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Candace Cameron Bure credits her faith for helping her recover from bulimia

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Although she managed to maintain a healthy relationship with food as a young actress on "Full House," Candace Cameron experienced the darker side of dieting when, as a young adult, she suffered from bulimia. And she believes that her faith in God is what helped her recover from her eating disorder, reported People magazine on Dec. 14.

Candace feels that her eating disorder developed when she suddenly found herself in a period of change that she could not control. She had just married hockey pro Valeri Bure, followed by a complete change in her environment when the new couple moved to Montreal to support him and his career.

Trying to deal with "the emotional struggle that I had in dealing with just a totally new life," Candace felt that food was the only item that she could control. But instead, her use of food for comfort spiraled out of control as developed bulimia.

"I turned to food for comfort and had to find a different source, because clearly it wasn't a healthy way to deal with things," Candace revealed.

"So that's really when my faith was kicked up a notch and sought comfort in my relationship with God, and not with food," she added.

Candace has written about her past in a book, "Reshaping It All: Motivation for Physical and Spiritual Fitness" (click for details). She included details about her eating disorder in the book.

"It's a very dangerous cycle that can just start to consume your life and really take over," Candace told People magazine at that time.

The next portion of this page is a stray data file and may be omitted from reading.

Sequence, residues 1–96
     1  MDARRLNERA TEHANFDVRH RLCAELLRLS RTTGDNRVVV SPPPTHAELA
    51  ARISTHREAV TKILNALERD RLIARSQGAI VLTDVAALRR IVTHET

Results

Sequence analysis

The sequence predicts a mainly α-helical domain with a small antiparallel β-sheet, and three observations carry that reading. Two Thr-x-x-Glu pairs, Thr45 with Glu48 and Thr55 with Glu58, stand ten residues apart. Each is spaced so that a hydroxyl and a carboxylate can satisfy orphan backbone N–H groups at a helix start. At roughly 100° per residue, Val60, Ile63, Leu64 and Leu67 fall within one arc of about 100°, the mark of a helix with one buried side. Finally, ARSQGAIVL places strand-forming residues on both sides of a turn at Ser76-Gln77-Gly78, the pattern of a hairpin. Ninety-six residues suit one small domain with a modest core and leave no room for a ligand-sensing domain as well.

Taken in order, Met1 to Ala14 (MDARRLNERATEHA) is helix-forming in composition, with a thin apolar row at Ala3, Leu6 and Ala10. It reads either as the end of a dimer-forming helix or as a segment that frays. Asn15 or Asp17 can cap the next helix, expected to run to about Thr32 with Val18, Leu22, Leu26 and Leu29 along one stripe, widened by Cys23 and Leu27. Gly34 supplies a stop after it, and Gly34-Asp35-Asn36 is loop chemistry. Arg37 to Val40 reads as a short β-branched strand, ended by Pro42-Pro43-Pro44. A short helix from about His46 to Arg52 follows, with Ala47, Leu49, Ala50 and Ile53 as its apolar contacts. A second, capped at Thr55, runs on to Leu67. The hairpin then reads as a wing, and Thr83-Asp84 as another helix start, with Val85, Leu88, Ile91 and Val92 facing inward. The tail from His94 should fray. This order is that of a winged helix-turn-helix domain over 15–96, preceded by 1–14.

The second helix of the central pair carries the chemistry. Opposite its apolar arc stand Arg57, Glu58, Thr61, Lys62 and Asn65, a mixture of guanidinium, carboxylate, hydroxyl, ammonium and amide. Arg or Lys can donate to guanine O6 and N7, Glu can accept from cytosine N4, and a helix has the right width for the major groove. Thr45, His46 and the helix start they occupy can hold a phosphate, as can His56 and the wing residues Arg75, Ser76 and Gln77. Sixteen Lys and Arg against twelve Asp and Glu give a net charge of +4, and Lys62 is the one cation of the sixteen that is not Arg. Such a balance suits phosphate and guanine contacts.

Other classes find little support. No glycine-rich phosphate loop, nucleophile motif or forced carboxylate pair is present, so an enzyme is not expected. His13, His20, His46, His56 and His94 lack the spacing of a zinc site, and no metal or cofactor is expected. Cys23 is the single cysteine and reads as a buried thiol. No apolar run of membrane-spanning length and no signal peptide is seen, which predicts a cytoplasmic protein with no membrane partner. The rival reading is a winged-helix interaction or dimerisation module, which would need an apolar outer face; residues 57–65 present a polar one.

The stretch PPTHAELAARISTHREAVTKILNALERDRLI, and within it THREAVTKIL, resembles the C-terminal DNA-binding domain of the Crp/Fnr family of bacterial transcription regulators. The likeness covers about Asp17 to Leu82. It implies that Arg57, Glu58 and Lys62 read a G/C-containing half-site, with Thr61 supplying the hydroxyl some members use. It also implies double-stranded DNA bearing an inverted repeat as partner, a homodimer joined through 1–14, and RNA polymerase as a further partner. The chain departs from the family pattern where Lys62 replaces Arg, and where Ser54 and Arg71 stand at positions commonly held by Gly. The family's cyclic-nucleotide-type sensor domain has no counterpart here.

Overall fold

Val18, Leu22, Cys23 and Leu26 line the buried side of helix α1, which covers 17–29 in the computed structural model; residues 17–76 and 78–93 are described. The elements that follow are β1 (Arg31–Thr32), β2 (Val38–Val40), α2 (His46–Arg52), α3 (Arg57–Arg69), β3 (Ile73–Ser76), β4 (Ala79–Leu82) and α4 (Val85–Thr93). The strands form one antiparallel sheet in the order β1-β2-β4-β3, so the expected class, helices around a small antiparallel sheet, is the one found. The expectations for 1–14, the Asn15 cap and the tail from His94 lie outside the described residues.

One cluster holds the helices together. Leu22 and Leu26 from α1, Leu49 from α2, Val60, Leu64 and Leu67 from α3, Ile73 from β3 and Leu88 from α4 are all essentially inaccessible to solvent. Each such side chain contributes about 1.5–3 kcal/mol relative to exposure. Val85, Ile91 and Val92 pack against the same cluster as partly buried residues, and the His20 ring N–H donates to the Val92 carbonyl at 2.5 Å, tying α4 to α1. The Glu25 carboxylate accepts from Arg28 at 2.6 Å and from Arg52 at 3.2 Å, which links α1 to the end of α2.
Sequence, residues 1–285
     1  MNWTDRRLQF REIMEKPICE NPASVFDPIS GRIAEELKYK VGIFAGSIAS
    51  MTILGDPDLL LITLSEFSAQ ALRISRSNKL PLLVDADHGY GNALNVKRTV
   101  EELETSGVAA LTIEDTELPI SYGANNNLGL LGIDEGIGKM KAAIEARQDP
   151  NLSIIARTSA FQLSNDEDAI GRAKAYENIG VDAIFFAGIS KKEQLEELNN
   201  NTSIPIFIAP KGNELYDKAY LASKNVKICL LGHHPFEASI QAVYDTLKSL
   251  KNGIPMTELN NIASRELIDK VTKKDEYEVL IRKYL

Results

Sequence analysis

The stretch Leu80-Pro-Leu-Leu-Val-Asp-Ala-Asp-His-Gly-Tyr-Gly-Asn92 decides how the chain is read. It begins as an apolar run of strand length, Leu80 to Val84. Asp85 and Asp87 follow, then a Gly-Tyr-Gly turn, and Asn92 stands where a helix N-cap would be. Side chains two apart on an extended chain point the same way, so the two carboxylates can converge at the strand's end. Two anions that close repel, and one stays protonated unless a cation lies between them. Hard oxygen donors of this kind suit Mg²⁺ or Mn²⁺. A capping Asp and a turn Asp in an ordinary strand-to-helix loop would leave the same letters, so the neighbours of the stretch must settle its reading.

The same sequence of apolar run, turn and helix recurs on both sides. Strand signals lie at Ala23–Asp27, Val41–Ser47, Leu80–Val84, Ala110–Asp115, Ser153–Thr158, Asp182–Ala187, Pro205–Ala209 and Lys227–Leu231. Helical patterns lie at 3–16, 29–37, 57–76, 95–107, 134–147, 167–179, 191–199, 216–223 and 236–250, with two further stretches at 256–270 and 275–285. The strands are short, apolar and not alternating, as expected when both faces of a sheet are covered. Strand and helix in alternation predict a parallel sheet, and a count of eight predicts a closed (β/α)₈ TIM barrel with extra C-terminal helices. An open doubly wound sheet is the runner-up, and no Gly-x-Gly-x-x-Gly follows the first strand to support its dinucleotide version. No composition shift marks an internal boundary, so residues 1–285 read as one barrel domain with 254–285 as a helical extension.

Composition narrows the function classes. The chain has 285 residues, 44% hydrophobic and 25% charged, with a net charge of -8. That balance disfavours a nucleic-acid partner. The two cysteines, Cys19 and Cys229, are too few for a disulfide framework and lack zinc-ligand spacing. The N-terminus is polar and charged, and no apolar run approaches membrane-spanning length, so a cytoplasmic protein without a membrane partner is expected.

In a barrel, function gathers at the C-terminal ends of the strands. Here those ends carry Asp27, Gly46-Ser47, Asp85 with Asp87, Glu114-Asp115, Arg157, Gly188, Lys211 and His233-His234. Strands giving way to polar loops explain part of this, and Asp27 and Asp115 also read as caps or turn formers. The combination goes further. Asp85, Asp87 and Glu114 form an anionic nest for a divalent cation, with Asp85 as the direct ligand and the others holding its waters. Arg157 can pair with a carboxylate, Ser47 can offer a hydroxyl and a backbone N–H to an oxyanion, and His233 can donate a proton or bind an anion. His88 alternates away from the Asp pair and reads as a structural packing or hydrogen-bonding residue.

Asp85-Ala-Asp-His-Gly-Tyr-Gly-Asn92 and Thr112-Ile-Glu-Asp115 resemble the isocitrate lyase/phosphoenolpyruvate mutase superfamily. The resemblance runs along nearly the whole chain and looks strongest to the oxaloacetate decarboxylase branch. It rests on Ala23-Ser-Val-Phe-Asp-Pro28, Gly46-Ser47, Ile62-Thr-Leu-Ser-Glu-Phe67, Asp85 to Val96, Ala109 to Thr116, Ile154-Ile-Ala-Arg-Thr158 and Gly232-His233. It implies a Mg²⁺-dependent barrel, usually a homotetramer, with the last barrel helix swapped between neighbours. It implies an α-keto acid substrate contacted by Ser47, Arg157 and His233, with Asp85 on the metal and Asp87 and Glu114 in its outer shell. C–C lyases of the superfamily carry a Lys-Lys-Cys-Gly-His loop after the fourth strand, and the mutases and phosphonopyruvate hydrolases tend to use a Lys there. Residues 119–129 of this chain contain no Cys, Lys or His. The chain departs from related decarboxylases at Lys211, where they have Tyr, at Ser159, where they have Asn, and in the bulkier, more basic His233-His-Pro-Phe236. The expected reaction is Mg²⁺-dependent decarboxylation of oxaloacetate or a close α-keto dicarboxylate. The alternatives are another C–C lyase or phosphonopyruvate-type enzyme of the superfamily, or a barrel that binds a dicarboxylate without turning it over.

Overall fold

"It wasn't about me trying to lose weight," she added. "It was all about emotions."

Princeton University's eating disorder experts define bulimia as "binge eating followed by purging or fasting. Someone who is bulimic eats an abnormally large amount of food in a short period of time and then fasts or purges using laxatives, diuretics, or self-induced vomiting because he or she feels overwhelmed with guilt and shame."

Candace talked about the "very dangerous" aspects of this eating disorder, and it can be life-threatening even as those with the condition try to control their lives.

"Through purging, fasting, and exercise, bulimics hope to regain a sense of control they lacked while bingeing, but unfortunately they end up suffering such hunger that their cravings for food will take hold once again, making binge eating more likely," notes Princeton University's experts.

"The most dangerous health risk posed by bulimia is cardiac arrest or heart attack due to an electrolyte imbalance of the mineral potassium."

Candace notes that she learned to seek comfort in non-food resources, which helped her "address the underlying emotional causes." And although some think of bulimia and other eating disorders as stemming from problems in childhood or preteens, Candace says that her stint on "Full House" did not contribute to her battle with bulimia.

"I think I was very protected by my parents and even the producers," she recalled.

"They all had a sensitivity about it. The producers were parents themselves. I don't think any of them wanted to see that happen to their child, so I was protected."

Since then, she's learned to balance her life, including her spiritual foundation. She's written a second book offering tips on how to follow in her path: "Balancing It All: My Story of Juggling Priorities and Purpose" (click for details).

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